No junior or middle manager would like to admit that they have a problem when faced with a new B2B solution that has the potential to vastly improve efficiency or reduce cost. Such an admission involves potentially admitting that the manager is not doing her job. The risks seem just too much with a new supplier, legacy systems and the fear of the unknown. A classic case of marketers trying to promote value as buyers try to reduce risk. And we are not just referring to purchasing and supply management folk- but the potential users of the new product that the marketers is trying to convince in the buying center.
Unless of course the buying organization has a culture of openness to new ideas from new suppliers. The fact is that most organizations are not even willing to look at new ideas from existing suppliers is the idea of "S" curves of innovation from an earlier post. Why? because new is outside the comfort zone and frequently involves changing links with other processes,training people and for really disruptive products (say a robot) firing people. Unless there is a compelling reason-most organizations are reluctant to deal with the change that a new B2B product into their existing system would create. An exception are retailers (like WalMart, Costco) who are willing to look at new products that are a good fit. For these retailers adding a new packaged food from a supplier is not a whole lot of internal organizational trouble.
To make innovation happen, here is what marketers and buyers should consider:
- Get promoted: Buyers including junior managers who are specialized users and supply chain folks (in the Buying Center) should know that no-one ever got promoted for doing the same old thing. While doing something new involves some risk and some internal selling and headaches- it is far easier to do new stuff with a new supplier than trying to motivate co-workers internally to do something entirely organic.
- Understand that sellers Motivation is always high: B2B Marketers- particularly new suppliers who are trying to get something new started will be highly motivated. They'll attend meetings when you ask them to and go much beyond an internal employee for the rewards of success in your organization is very high.
- Be kind and friendly to new suppliers: We tend to treat sellers badly. It is very common to cancel meetings at the last minute, make sellers wait at the reception unnecessarily and worst not return calls after the first meeting. Sellers (like everyone else) look for a little respect and kind (negative is OK) feedback is great because you generate an industry friend who will continue to be in touch with you with new developments if you say "stay in touch." Why - see the first two points!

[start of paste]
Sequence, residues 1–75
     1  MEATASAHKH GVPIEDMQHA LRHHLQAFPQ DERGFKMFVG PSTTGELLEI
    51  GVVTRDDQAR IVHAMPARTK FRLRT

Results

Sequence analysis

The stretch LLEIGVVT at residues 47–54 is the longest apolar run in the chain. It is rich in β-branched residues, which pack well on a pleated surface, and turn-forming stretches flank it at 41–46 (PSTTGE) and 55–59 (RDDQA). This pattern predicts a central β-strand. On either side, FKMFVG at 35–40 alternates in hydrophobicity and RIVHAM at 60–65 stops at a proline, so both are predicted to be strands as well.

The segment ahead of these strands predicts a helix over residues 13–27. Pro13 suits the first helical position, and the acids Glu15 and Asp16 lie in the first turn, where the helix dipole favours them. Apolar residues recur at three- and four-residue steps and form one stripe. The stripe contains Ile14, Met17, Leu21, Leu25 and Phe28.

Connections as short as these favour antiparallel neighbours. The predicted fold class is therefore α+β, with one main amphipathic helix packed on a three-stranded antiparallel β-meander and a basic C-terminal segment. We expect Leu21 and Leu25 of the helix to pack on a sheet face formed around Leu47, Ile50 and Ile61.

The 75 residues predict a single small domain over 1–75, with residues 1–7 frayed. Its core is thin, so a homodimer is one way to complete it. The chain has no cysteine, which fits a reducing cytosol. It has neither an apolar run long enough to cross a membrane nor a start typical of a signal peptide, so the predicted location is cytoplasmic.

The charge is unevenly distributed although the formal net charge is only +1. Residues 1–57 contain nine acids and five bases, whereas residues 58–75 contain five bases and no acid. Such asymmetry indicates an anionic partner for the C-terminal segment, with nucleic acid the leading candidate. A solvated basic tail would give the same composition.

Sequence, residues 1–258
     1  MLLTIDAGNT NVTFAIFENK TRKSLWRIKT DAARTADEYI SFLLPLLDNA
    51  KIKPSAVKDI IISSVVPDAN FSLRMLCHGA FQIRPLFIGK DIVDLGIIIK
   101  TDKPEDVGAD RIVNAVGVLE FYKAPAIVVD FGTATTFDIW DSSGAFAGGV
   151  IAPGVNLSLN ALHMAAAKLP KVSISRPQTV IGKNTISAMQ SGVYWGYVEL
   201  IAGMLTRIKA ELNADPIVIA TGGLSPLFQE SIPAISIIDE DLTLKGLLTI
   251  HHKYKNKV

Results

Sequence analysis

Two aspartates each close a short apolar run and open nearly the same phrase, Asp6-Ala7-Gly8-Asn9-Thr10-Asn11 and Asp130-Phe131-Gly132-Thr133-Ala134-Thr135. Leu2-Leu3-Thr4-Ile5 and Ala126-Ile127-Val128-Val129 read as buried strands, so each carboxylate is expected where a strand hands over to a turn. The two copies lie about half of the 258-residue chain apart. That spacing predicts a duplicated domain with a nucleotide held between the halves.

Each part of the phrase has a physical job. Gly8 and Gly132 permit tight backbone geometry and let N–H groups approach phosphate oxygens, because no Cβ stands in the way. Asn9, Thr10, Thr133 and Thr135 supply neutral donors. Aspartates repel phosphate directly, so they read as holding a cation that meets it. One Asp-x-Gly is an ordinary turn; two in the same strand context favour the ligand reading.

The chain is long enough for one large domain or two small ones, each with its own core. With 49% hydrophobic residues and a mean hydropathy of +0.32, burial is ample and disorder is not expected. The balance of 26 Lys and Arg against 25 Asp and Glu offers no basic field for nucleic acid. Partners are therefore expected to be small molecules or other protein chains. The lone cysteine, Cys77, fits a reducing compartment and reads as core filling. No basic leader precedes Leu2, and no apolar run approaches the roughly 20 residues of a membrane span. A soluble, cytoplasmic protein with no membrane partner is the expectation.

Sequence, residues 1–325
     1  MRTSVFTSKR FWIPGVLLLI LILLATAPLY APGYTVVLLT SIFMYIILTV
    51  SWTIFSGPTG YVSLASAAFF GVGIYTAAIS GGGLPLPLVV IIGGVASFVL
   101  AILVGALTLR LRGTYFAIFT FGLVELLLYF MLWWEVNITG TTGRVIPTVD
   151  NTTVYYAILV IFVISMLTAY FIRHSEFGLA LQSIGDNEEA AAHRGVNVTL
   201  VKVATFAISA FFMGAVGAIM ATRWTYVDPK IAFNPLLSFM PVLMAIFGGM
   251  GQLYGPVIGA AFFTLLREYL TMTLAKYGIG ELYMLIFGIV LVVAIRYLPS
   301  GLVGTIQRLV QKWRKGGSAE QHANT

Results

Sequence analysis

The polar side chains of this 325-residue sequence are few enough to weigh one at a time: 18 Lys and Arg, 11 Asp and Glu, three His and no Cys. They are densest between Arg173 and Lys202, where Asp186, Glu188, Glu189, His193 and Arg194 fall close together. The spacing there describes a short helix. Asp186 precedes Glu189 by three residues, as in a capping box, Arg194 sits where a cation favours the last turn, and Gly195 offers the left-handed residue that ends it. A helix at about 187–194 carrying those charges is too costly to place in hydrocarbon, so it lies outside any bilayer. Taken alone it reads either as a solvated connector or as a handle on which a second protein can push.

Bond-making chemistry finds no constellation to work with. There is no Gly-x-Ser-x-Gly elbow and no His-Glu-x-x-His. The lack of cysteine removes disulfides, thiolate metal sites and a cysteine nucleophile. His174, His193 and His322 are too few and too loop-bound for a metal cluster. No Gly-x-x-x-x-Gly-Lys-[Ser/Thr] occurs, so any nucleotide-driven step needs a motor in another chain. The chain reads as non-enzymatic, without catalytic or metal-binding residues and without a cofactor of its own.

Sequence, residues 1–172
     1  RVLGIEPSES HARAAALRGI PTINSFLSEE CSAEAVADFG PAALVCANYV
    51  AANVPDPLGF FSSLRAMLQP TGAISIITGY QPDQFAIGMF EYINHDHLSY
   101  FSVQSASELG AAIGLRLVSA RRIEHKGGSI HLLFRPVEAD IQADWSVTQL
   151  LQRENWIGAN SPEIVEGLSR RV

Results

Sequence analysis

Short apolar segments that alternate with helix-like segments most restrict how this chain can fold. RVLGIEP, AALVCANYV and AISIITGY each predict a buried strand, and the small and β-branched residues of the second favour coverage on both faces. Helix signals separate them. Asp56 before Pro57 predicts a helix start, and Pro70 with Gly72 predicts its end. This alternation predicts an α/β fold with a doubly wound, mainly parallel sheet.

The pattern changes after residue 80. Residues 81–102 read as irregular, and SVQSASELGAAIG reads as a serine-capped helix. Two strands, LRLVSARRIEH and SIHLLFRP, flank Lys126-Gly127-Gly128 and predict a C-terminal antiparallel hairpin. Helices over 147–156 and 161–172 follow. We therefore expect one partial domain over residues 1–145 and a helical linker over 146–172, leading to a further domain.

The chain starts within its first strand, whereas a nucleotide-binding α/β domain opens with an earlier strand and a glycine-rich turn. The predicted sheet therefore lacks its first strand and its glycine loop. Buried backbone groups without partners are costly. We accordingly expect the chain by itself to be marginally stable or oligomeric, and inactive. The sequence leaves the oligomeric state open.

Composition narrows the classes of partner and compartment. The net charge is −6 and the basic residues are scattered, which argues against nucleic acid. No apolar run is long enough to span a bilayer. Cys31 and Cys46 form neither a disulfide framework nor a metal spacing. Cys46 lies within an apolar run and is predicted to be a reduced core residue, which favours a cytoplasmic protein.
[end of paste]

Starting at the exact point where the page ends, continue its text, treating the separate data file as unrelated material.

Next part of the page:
- Understand the world of organizations:Employees who are not salespeople in your customer organization generally have a lot of drama going on in matters frequently unrelated to your product or service. They are fighting fires on a daily basis. Your product or service is not their priority, so periodic email newsletters and emails are a must.
- Follow-up is a must: Most marketers give up on hearing back as you don't want to be seen as a "pain". Remaining in touch is the key to success.
- Reduce perceived risks to the managers: Understand the risk concerns that junior managers have and address them upfront. Offer to post your engineer on customer premises to help internal people adopt the new product. Training offers and 24 hour support can also help a great deal. Anything to reduce the career risks of the junior managers who are discussing with.
- Never undermine the user: You need the support of users for your new concept to succeed. Do not paint the junior folks in a bad light when you do get to meet the VP or CEO - stay with the task and how much better things will be with your new solution. And how you are willing to support implementation,training for a smooth transition.